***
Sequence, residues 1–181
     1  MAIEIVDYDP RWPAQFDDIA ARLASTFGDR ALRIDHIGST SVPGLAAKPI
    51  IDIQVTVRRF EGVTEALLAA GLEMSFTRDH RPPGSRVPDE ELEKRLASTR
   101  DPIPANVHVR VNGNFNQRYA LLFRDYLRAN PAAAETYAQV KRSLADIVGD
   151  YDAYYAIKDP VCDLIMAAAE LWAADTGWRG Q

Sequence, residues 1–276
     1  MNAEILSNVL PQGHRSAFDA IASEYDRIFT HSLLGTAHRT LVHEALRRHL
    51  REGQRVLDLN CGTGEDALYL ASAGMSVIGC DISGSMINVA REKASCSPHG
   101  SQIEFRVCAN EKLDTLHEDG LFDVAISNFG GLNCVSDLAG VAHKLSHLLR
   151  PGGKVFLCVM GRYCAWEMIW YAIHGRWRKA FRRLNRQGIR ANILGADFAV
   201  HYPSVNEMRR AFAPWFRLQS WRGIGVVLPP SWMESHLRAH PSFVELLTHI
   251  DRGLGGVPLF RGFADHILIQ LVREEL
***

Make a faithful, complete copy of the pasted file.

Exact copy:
Sequence, residues 1–181
     1  MAIEIVDYDP RWPAQFDDIA ARLASTFGDR ALRIDHIGST SVPGLAAKPI
    51  IDIQVTVRRF EGVTEALLAA GLEMSFTRDH RPPGSRVPDE ELEKRLASTR
   101  DPIPANVHVR VNGNFNQRYA LLFRDYLRAN PAAAETYAQV KRSLADIVGD
   151  YDAYYAIKDP VCDLIMAAAE LWAADTGWRG Q

Sequence, residues 1–276
     1  MNAEILSNVL PQGHRSAFDA IASEYDRIFT HSLLGTAHRT LVHEALRRHL
    51  REGQRVLDLN CGTGEDALYL ASAGMSVIGC DISGSMINVA REKASCSPHG
   101  SQIEFRVCAN EKLDTLHEDG LFDVAISNFG GLNCVSDLAG VAHKLSHLLR
   151  PGGKVFLCVM GRYCAWEMIW YAIHGRWRKA FRRLNRQGIR ANILGADFAV
   201  HYPSVNEMRR AFAPWFRLQS WRGIGVVLPP SWMESHLRAH PSFVELLTHI
   251  DRGLGGVPLF RGFADHILIQ LVREEL